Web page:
by Tyler Rowe
It would appear that I was too optimistic about the Vancouver Canucks playoff chances for the second year in a row. In case you haven’t heard, the Canucks were unable to win one game against the San Jose Sharks, not even for the Gipper. And over the next week, I’m going to try to figure out why that happened and what needs fixing. If Vancouver is talented but unable to win a single game against a good but beatable opponent, then either something is broken in the coaching staff, or in the team’s player personnel and the culture they engender as a whole. *Spoiler Alert*: It might be both. Continue reading
by Brian Beitz
If someone had told me earlier in the year that one of the Canucks strongest runs would come with Daniel Sedin and Kevin Bieksa sitting out with injuries, I would have… I’d have… Well, I’d probably believe them. Despite their lackluster play in January and February, the Canucks play a strong system game and have always said that if they stick to that system, they give themselves a great chance to win no matter who’s in the lineup. Now, since Daniel went down due to a
mysterious upper-body injury cheap and brutal headshot—wait, did I cross out the wrong part there?—the Canucks have won 6 straight, their longest winning streak of the season. Really, with the schedule as it is, the Canucks could very well finish the season on a 9-0 run without their leading goal scorer. It’s like they don’t even need him!
The problem is, as you’ll find out after the jump, the Canucks seem to realize this as well…
Wednesday, after a 3-day rest, the Canucks took on the Phoenix Coyotes at Rogers Arena. The team was looking to right a
sinking no-longer-buoyant-but-still-somehow-staying-in-the-exact-same-position-on-the-surface ship. Many of the players have been mired in scoring slumps lately, the powerplay has been dismal, and for some reason when you add those two items together and combine them with shaky goaltending and defensive breakdowns, the results are worse than Terrence Maddox’s last blood test.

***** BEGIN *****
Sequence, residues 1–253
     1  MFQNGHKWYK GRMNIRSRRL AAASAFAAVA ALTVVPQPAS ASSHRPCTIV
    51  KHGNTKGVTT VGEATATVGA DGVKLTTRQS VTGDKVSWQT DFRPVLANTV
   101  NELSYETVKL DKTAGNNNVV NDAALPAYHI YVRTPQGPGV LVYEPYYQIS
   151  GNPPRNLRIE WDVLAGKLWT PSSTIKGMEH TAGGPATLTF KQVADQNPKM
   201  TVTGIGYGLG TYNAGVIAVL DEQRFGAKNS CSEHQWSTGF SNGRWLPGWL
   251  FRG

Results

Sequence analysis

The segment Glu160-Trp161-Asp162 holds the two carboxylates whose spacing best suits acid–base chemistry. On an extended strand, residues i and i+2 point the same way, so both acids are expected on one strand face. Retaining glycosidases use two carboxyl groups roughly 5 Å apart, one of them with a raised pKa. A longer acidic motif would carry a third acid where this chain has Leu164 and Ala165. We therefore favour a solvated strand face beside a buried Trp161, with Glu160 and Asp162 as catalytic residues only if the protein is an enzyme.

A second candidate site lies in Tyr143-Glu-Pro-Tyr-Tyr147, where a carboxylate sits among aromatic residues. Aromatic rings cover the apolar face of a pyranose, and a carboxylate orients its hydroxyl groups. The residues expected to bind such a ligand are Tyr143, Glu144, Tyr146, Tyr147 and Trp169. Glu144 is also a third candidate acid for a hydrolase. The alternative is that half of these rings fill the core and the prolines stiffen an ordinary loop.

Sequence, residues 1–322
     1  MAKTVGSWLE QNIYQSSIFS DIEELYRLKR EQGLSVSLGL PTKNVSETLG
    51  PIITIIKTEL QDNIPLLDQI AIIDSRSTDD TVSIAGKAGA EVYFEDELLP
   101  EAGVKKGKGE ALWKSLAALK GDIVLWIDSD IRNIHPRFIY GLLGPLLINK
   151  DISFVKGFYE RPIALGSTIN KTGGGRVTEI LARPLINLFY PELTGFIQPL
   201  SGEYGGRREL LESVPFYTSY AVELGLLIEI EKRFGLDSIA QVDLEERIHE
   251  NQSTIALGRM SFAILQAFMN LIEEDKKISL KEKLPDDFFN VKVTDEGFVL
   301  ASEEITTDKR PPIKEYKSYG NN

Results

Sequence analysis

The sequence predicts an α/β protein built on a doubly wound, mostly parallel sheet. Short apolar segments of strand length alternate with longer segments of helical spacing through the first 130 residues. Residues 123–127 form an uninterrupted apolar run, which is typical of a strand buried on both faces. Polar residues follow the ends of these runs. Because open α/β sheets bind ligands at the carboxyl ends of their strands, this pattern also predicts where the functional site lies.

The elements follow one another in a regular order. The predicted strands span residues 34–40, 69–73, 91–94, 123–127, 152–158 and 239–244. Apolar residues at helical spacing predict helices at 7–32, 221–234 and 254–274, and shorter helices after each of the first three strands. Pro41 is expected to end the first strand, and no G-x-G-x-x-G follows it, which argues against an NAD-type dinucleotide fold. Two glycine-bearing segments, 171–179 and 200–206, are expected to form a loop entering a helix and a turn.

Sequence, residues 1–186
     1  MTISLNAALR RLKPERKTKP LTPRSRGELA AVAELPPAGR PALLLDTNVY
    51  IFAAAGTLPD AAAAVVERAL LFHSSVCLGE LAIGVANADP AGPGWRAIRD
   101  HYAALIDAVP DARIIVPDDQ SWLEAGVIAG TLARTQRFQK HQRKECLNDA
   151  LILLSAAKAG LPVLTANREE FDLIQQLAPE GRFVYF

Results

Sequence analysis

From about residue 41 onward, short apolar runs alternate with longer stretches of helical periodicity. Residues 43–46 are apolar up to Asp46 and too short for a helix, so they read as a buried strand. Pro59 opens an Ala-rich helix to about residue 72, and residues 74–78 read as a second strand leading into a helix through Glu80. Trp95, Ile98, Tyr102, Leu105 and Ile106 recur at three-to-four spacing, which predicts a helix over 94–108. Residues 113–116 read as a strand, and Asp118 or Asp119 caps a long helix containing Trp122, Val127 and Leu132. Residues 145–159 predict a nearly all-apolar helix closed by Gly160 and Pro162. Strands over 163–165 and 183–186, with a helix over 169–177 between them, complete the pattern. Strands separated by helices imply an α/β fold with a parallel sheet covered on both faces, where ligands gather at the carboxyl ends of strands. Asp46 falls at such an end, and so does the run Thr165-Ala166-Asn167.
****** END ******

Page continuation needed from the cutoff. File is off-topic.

But now is not the time to panic, my little Smuglies. No, that time was 2 games ago. Now is the time when you slump to the ground, exhausted by your own hysterics and dehydrated from the excessive sobbing and drooling and start to realize there is still good in the world. You see, not every loss is a complete loss and not every win is a complete win (mostly because some wins are shootouts). We here at Smug Nation don’t believe that the Canucks’ cup is half empty, and we certainly don’t believe that the cup is half full. Only losers have half-full cups. At Smug Nation, all cups usually runneth over with optimism, hope, and enough alcohol to keep those first two things intact. Today, the Canucks’ cup runneth over with the momentum gained from breaking nine slumps on Wednesday and getting several individuals off the proverbial “schnide” (also getting them off the non-proverbial Schneid, who would prefer that players stop sitting on his lap for comfort following a loss).
Let’s take a look at some of the slumps bumped by the Canucks on Wedneday night:
by Brian Beitz
It’s official, the Canucks are slumping. The boys in blue and green have gone 4-4-2 in their last 10, outscored 23 to 20 in that span. This is not the way we have come to expect this team to perform, and nearly every player is in a season-worst funk. There has been much debate since the embarrassing 3rd-period folding versus the Canadiens last night as to how the Canucks should spend their 3-day break before playing Phoenix on Wednesday. If you’re Alain Vigneault, what do you do? Bag skate them? Give them a few days away from the rink to clear their heads? Perhaps an ideal game of Battling Tops?
No. What the Canucks need is to realize that what they’re going through now has been gone through by many before them, on the silver screen. Winning isn’t about resting or practicing; it’s about watching movies and seeing how the real heroes turn their games around and defeat the villain/win the big game/get Thor’s hammer back. Here’s the Hollywood scenarios Smug Nation would suggest each slumping Canuck go through in order re-find his game:
Last night, the Canucks organization ran their annual Canucks for Kids Telethon during the Canucks-Jets game. This charitable act, as of 10pm Thursday night, had raised almost $700,000 towards assisting children and families suffering through illness, loss, and all manner of tragedies. Well, my smuglies, our collective heart has been warmed. To see professional athletes stop and remind those of us who may take this game a wee-bit seriously (like all you obsessive Canucks bloggers out there) that there are more important things in the world than sports, and the NHL seems to be recognizing that these days.
In light of this, we at Smug Nation have decided to take a break from our nonsense, shift our tongues to mid-mouth, and share our favourite hockey-related moments and charities of the year, from courageous acts to extreme generosity—and you’re going to soak up every last sentimental bit.